The Mystic Isle

By Luke Murray

Photo by Mark Furniss

Photo by Mark Furniss

Inishbofin is an island that lies roughly eleven kilometres off the coast of north-west Connemara. A vibrant star in the galaxy of islands that guards Ireland’s Wild Atlantic Way, it is a place that has borne witness to a history as rich and interesting as anywhere else in the country. It is a history informed by an abundance of archaeological riches still visible on the island today. It is also a history fired by the traditions of mythology and storytelling, which are an integral part of Irish culture.

The roots of its name alone (from the Irish Inis Bó Finne, meaning ‘Island of the White Cow’) give one a sense of the mysticism long associated with Inishbofin. The story goes that Inishbofin was a floating place, neither anchored nor tethered in one location, and eternally shrouded in an ocean mist. One night, two fishermen lost at sea in a heavy fog drifted ashore on this enchanted island. They lit a fire, its flames broke the spell that burdened the place, and at once the fog cleared. It was then they observed an old woman driving a white cow along a stony beach that separated the sea from a lake (this would be the North Beach of Inishbofin, between the ocean and Loch Bó Finne, the ‘Lake of the White Cow’). She struck the cow with a stick, and both she and the beast turned to stone. Oral tradition maintains that the woman and the white cow will emerge from the lake as a forewarning of impending disaster. From a beginning as haunting and mysterious as this, the island was never going to be a dull place—quite the opposite, as it turns out—but it is as enchanting now as it was then, ready to cast its spell on anyone lucky enough to find themselves here.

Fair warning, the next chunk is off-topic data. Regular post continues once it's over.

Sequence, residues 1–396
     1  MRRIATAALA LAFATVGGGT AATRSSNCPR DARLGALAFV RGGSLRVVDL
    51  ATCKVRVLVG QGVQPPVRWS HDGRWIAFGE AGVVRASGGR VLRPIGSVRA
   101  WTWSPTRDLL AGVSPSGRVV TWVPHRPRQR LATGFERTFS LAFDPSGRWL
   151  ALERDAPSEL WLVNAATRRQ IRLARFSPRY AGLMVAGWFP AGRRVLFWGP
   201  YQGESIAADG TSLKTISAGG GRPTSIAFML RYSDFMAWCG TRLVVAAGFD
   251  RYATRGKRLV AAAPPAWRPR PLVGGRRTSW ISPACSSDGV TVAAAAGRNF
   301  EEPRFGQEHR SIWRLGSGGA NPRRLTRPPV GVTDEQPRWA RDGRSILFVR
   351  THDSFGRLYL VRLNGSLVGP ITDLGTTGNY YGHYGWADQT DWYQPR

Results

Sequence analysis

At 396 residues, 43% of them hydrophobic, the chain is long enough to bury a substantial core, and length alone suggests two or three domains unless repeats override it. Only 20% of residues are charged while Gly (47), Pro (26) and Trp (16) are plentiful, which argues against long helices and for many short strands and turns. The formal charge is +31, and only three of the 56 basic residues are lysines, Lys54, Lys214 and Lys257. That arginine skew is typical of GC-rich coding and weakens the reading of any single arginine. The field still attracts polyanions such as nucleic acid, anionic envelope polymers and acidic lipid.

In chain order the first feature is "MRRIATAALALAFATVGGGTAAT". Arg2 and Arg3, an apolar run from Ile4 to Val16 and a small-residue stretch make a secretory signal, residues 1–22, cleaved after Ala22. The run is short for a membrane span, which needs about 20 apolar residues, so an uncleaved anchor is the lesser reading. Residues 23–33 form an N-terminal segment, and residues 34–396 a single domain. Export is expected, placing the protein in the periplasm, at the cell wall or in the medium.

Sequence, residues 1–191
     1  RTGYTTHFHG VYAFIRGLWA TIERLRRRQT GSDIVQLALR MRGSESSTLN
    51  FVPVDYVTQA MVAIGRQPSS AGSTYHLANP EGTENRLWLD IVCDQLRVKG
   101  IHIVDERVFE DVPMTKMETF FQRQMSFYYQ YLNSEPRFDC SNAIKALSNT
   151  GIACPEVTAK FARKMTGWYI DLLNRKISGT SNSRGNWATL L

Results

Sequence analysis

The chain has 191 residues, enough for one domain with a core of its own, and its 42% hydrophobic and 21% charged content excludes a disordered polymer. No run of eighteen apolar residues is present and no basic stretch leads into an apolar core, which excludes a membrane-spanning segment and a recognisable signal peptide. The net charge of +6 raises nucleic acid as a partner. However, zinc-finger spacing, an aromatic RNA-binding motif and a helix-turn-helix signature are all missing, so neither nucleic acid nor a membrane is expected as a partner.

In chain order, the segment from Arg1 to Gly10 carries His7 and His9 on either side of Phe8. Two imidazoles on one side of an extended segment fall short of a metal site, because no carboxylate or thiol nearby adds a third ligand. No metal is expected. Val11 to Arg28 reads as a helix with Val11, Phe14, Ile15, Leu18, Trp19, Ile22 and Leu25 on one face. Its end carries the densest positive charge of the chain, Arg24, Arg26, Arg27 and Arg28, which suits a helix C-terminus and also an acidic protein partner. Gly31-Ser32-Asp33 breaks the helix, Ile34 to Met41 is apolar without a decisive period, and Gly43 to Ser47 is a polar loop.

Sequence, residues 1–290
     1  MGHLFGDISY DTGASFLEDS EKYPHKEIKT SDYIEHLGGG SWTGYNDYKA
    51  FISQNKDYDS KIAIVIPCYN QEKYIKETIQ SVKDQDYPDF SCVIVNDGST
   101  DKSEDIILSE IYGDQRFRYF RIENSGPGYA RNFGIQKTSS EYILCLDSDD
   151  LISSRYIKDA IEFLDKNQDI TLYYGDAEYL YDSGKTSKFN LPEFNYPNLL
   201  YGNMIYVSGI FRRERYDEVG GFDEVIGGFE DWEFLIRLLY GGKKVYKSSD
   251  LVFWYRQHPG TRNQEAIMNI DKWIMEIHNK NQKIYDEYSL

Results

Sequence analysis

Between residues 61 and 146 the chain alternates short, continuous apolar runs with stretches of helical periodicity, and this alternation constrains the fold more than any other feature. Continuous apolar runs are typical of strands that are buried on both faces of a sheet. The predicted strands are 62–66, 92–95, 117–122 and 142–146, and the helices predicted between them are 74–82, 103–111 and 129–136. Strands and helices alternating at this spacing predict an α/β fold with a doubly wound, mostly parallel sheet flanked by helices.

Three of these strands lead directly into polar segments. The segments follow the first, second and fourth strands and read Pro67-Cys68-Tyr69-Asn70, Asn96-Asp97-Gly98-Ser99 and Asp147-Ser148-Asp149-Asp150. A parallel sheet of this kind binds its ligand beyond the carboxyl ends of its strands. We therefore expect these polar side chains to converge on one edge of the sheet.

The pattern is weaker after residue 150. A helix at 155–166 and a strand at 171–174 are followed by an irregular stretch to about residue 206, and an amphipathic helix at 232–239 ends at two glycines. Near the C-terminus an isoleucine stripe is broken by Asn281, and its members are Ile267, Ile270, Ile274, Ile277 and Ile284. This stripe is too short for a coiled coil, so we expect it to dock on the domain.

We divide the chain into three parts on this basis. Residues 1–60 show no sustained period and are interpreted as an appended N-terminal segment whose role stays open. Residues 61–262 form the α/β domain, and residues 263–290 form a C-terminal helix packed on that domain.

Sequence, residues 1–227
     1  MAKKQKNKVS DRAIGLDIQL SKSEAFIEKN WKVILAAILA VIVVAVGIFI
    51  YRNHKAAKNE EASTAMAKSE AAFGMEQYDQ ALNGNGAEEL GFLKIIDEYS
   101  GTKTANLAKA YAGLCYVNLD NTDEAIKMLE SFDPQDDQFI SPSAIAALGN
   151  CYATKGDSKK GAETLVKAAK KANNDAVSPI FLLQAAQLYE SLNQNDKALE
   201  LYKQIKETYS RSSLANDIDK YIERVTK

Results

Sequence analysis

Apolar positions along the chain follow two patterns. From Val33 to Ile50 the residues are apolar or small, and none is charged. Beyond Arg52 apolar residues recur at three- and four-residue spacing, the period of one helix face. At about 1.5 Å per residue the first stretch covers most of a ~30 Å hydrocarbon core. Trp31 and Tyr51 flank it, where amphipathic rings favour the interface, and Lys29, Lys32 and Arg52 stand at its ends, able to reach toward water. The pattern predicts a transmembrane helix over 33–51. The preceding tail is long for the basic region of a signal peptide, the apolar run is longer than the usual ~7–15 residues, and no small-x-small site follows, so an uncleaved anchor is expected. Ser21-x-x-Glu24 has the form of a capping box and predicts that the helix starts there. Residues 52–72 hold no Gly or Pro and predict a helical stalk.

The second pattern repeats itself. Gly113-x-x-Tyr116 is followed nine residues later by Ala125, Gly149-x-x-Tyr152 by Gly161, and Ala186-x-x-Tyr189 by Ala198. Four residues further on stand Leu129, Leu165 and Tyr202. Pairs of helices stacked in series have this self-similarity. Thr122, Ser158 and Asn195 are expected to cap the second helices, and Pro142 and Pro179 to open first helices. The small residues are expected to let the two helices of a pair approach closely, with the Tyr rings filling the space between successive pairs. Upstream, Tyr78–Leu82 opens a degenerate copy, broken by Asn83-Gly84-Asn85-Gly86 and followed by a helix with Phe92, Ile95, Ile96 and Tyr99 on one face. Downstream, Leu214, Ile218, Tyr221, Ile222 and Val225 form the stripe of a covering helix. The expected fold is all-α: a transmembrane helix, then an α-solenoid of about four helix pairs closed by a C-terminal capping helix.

The ruin of Cromwell’s Barracks guards the harbour mouth on Inishbofin’s southern coast. Photo by Stephanie Salmon.

The ruin of Cromwell’s Barracks guards the harbour mouth on Inishbofin’s southern coast. Photo by Stephanie Salmon.

Setting aside the folklore, the island is known to have been inhabited for several thousand years. Evidence has been found of Bronze Age (c.3200 BC–c.600 BC) settlements, and the island has several promontory fort sites that are recognised as being from the Iron Age (1200 BC–1 BC). These are dotted around the coast of the island at strategic locations, the most formidable of which is at Dún Mór (‘Big Fort’) in Westquarter, a site located on the highest cliffs of the island. In terms of tangible recorded history, the first significant appearance of Inishbofin in the written record was in the seventh century. Saint Colman of Lindisfarne sought out the island for the creation of a monastery after a dispute with the Catholic Church in England. Originally from the west of Ireland, he left with his followers and came to Inishbofin in AD 665. A stone chapel was built on the site of his monastery in the fourteenth century and still stands today, now surrounded by the island’s graveyard.

The famed pirate queen, Granuaile (Grace O’Malley), also appears in the history and traditions of Inishbofin. One site called Dún Gráinne bears her name, and folklore maintains that she controlled the island in alliance with a Spanish pirate, Don Alonzo Bosco. It is said they stretched a chain from her fort across the harbour’s mouth to his stronghold on the other side to entrap those who entered and also to keep out unwanted visitors. Plunder and misfortune were sure to follow for those who became snared inside.

Where Don Bosco’s settlement was reputed to have been, the still-impressive remains of Cromwell’s Barracks (commonly referred to as the Castle) can be seen now. Inishbofin was one of the last Royalist-held territories against the New Model Army of Oliver Cromwell’s Parliamentarians as they swept across Ireland, leaving devastation in their wake during the English Civil War in the mid 1600s. Upon the capture of Inishbofin, they built the imposing fortress that stands defiantly to this day, watching over the mouth of the island’s safe harbour nearly four centuries later. It was used as a staging post for Catholic priests who were being expelled from Ireland to the Caribbean.